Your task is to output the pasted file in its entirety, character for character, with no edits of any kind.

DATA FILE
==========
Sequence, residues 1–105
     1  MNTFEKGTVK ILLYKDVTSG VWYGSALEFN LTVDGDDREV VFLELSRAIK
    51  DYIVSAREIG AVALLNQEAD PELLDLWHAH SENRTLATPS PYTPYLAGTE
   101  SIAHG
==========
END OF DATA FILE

Sequence, residues 1–105
     1  MNTFEKGTVK ILLYKDVTSG VWYGSALEFN LTVDGDDREV VFLELSRAIK
    51  DYIVSAREIG AVALLNQEAD PELLDLWHAH SENRTLATPS PYTPYLAGTE
   101  SIAHG